Diesel Duck 382

Diesel Duck 382
Diesel Duck 382 with the "get home" steadying sails up.

Wednesday, June 28, 2017

Marine multi-tasking

Well if you build a boat you'll never be able to say, "there's nothing to do".  We've been carving out more time for boat building in spite of the high temperatures inside the boat shed.  This building design is actually for a green house and I can now vouch for it's effectiveness.  Our industrial strength warehouse fan helps keep it manageable but on those sunny summer days we are working in 90-100 degree temperatures.

We are bouncing back and forth between frame building and keel lamination's.  As I have said, I'm doing the keel in sub-assemblies to keep the clamping pressure manageable.  The sub assemblies are about 4 1/2" thick and approximately 34' long.  They are not that heavy and the block and tackle I have mounted to the ridge beam of the boat shed is able lift them with no problem.

All of the sub-assemblies for the lower keel are now complete or in clamps.  The next glue up will make them one, 12" thick beam that will act as the lower keel assembly.

We ripped a straight edge on one side of each plank and then those straight edges are all stacked together with the edges flush.  This gives us a good reference to insure that the keel is as straight as possible.  Once the entire keel is glued up and bolted we'll even everything out with a power planer.

As we alternate between gluing up the various keel components we continue to build frames. Nothing that special that has not already been covered, except for the fact that stations 22 and 24 have their gussets cut flush to the frames.  

Stations 22 and 24 are nearly perfectly amidships and frame in our engine room.  This is also the location of our two 325 gallon diesel tanks.  The gussets are cut flush to the frames to maximize the available space for the tanks.  I did it just as the plans indicate but it just doesn't look that strong.  I may add some intermediate frames in the engine room to beef up the support in that area.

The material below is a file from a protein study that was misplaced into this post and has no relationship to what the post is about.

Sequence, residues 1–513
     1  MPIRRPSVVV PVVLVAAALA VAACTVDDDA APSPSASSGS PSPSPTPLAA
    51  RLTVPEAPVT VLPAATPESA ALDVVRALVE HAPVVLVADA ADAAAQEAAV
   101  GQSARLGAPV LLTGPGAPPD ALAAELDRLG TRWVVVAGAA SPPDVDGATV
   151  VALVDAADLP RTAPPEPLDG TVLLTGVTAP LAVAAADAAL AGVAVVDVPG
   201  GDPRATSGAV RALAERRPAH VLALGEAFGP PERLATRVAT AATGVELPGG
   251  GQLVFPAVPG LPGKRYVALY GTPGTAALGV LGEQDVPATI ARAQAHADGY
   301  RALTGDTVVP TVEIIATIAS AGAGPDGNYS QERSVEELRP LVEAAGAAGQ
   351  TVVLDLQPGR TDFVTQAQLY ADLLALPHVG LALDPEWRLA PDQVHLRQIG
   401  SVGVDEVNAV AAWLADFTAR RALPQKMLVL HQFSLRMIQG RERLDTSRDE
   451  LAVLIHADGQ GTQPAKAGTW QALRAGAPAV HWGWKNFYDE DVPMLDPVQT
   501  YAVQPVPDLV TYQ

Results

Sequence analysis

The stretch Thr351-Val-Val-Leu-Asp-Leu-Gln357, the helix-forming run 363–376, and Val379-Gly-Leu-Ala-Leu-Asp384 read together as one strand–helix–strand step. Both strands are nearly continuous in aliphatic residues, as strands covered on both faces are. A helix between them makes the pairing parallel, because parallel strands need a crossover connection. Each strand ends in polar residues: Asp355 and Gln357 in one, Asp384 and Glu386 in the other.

Cutting the flush gussets is the same as the other regular size gussets.  I use some scrap cardboard to create a template and then trace the outline out on to the 3/4" BCX plywood.  My new Milwaukee M18 Fuel circular saw makes quick work of the cutting.

Then it's just a matter of cutting the angles for the side and bottom pieces, laying them on the lofting with the appropriate setbacks and bolting and gluing them together.  Once assembled the temporary bracing is attached and it's on to the next one.

Once again, I know I am blessed with a great support system for this build.  My crafty mother built a beautiful miniature lighthouse to dress up the landscaping in front of the house as a fathers day gift for me.  The light on top even works!  You can see from it's name that the whole family is on board with building our Diesel Duck dream!

We are going to take a few days off for the 4th of July holiday and head to the lake.  This is my summer vacation week. I'll definitely be coming home early so I can get a few quality days of boat building in.

Check out the Sea Dreamer Project Facebook page if you would like to follow along with our build in real time.  We also include lots of links for all things nautical, excellent eye candy if I do say so myself!

1 comment:

  1. wow i had never really known anything this deep about the making of a boat. it is really exciting to see the different steps like this. thank you for posting